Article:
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RE: visual and auditory navigation: examples needed

From: <gian@stanleymilford.com.au>
Date: Mon, 15 Apr 2002 11:07:21 +1000
Message-Id: <H00000e00043e4e1.1018832840.tux.sofcom.com.au@MHS>
TO: j.chetwynd@btinternet.com, w3c-wai-eo@w3.org, w3c-wai-gl@w3.org
Try:
www.scopevic.org.au
for an example of a site that allows for keyboard manipulation of
navigation and also includes skip links (read by screen reader)

> -----Original Message-----
> From: j.chetwynd [mailto:j.chetwynd@btinternet.com]
> Sent: Thursday, 28 March 2002 2:47 PM
> To: w3c-wai-eo; w3c-wai-gl
> Subject: visual and auditory navigation: examples needed
> 
> 
> http://www.peepo.com is being redesigned.
> 
> Can anyone point to good simple examples for navigation,which 
> have been 
> designed for 'machine readers'
> 
> I am concerned that users with a 'reader' will find the 
> 'standard' links 
> repetitive.
> Using css, or tabindex these could be placed at the end of 
> the document.
> Is there an inherent confusion between the auditory and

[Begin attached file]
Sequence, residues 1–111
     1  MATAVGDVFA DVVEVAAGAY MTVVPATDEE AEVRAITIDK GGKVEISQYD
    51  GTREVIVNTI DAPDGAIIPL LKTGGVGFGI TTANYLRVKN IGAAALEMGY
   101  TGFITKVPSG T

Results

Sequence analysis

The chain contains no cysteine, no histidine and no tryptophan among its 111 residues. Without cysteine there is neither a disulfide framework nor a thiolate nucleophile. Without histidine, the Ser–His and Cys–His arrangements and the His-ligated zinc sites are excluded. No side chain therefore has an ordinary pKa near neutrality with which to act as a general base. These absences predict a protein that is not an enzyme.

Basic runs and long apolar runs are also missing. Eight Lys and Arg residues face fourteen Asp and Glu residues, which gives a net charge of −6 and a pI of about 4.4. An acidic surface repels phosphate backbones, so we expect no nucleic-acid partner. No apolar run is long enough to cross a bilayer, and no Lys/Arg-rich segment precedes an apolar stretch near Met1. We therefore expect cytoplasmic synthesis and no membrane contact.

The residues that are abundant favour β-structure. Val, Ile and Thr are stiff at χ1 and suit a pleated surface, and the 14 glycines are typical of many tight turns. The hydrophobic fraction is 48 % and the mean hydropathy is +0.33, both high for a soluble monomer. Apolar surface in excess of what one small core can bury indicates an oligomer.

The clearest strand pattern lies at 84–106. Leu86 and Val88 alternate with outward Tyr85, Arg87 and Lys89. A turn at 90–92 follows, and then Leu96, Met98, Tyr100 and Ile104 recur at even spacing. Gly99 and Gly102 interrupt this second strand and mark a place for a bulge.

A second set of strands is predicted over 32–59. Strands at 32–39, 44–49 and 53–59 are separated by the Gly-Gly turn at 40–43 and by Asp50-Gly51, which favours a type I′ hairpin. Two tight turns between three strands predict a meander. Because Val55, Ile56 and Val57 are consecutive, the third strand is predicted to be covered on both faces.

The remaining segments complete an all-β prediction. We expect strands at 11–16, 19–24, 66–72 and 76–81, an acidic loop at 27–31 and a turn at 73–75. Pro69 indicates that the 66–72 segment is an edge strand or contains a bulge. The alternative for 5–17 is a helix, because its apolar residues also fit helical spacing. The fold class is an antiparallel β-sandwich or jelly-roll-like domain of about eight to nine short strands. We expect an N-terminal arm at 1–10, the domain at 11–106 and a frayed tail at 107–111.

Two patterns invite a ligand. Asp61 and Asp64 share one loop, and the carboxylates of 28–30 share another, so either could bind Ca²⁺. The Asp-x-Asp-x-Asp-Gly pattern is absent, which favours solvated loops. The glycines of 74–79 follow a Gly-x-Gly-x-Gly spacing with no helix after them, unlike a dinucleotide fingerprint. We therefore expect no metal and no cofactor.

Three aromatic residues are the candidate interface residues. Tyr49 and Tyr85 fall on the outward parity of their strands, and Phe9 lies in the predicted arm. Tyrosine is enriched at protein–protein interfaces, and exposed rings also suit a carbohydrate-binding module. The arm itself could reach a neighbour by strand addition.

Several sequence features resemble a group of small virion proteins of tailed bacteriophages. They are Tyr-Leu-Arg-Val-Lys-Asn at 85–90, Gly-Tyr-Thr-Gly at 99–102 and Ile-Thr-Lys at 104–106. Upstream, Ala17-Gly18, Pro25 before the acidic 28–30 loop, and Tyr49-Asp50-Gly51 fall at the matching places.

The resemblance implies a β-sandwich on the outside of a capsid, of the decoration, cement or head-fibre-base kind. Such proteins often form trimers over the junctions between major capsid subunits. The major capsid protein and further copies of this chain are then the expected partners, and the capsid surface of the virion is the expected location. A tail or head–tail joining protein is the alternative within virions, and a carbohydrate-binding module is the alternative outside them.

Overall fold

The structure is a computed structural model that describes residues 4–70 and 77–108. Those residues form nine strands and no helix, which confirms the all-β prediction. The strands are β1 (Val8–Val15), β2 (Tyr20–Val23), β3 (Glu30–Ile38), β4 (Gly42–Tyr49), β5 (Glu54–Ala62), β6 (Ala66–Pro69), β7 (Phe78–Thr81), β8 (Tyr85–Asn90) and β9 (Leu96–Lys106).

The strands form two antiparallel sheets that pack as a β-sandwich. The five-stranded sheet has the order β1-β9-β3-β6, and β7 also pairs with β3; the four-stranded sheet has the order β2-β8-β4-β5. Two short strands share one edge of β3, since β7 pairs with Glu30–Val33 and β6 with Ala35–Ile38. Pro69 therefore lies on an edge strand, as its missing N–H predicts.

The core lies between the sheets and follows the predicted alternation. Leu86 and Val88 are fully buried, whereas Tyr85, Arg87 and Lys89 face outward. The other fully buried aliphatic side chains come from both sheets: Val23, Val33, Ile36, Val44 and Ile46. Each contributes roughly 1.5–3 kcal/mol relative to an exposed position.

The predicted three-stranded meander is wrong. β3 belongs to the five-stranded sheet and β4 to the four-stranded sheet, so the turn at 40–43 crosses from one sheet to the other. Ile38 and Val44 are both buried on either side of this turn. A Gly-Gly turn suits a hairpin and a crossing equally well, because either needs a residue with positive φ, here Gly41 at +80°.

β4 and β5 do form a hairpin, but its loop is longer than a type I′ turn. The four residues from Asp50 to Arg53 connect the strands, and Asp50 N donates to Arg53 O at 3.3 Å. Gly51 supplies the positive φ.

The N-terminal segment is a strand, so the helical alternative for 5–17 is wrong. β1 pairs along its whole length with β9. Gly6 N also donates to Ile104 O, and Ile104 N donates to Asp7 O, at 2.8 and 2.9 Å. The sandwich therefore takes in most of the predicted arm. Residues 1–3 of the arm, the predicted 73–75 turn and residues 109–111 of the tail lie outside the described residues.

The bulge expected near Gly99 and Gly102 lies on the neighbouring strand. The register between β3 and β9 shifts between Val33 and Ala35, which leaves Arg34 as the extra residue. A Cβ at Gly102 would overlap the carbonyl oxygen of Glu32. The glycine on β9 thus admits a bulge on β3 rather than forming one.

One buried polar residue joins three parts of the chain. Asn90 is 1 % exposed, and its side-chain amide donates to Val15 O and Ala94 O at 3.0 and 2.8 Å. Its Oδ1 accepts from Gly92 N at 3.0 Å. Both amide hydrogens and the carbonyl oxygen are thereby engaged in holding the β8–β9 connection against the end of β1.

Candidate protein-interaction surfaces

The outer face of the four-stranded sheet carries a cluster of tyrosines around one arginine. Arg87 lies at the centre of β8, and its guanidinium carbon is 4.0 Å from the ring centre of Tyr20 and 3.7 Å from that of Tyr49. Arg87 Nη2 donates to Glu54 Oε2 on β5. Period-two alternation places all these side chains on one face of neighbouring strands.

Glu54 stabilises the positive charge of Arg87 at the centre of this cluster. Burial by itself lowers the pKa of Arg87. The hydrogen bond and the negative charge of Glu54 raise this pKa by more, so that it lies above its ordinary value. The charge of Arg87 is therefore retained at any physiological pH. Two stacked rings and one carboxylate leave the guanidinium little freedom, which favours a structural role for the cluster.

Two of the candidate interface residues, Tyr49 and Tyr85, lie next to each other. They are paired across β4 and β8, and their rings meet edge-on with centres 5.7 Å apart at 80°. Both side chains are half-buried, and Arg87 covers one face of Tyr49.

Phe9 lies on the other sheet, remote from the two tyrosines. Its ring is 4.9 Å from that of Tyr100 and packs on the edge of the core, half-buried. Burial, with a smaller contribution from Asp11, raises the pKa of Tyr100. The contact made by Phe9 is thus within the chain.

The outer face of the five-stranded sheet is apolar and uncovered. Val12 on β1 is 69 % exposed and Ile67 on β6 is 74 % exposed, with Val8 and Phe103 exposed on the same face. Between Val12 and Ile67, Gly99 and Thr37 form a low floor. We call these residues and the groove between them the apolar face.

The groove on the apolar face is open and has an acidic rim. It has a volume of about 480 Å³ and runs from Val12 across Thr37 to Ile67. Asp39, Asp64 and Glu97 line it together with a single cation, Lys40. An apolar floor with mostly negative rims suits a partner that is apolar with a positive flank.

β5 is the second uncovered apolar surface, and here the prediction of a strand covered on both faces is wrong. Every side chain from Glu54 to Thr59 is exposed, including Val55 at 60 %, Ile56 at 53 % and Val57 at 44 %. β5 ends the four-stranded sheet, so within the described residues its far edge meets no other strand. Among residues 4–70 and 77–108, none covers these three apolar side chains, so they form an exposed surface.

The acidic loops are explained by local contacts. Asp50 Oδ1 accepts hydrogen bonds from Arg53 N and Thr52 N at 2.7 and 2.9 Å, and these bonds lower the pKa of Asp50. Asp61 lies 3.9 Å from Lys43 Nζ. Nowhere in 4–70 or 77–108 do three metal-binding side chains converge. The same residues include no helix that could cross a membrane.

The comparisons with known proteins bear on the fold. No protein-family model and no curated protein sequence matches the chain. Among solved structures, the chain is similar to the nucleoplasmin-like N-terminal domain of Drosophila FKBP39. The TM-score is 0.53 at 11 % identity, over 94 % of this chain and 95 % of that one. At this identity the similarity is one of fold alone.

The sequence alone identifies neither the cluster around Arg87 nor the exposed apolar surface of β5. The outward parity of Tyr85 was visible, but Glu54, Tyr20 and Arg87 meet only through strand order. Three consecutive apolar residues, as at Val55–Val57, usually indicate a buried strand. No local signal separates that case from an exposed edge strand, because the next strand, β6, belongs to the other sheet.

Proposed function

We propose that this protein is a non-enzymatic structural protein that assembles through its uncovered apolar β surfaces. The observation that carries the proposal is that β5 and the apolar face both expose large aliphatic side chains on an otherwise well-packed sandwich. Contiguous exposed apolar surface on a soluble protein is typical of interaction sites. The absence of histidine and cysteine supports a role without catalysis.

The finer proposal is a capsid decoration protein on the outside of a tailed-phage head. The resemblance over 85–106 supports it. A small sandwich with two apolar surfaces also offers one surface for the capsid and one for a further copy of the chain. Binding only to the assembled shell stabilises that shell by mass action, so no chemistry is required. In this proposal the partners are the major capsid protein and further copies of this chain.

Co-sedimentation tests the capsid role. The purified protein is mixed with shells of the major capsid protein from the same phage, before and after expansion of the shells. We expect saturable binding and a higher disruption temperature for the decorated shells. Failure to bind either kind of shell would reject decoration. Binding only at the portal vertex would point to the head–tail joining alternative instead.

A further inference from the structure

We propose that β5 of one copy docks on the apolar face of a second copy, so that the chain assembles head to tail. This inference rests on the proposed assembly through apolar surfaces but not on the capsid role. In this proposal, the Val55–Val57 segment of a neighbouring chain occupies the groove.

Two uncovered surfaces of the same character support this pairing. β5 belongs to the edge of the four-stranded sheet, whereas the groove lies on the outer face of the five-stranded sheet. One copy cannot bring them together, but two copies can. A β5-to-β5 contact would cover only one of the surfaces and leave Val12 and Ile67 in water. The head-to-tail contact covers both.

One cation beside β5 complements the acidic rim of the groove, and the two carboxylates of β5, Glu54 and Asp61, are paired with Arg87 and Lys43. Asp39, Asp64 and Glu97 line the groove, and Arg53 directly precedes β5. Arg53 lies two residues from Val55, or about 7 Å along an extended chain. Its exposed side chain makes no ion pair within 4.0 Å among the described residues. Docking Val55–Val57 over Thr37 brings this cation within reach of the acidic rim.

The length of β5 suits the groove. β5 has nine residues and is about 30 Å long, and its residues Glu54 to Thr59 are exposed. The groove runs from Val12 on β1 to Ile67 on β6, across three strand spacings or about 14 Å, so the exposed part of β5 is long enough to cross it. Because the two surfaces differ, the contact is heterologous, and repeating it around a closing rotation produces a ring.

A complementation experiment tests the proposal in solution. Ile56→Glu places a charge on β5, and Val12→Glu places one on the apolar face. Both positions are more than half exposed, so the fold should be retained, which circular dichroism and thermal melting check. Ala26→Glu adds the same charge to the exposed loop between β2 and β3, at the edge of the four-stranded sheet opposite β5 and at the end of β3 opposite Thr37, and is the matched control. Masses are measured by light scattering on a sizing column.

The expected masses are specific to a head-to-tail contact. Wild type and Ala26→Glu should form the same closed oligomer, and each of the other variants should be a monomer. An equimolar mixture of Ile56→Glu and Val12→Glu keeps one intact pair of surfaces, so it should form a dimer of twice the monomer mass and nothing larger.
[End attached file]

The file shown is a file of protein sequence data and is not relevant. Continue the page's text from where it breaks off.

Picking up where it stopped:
> visual channels 
> with regard to navigation?
> (ie that visually we select the 'new'), and if so a recognised and 
> succesful approach?
> many links are visually 'greyed out', as in a drop-down, or 
> otherwise, 
> how is this best achieved for the non-visual community.
> 
> It does seem though that SLD users will prefer 'reading on action' as 
> this will be less demanding.
> Is it common(or a standard) for readers to provide an on 
> mouse-over read 
> setting?
> 
> The beta is here: http://www.peepo.com/main.html, this will change.
> click on music then top of the pops, or alternatively 'A'.
> We are testing a graphical breadcrumb trail.
> how do breadcrumbs work best in the context of a 'reader'
> 
> thanks
> 
> 
> 
Received on Sunday, 14 April 2002 21:08:43 GMT

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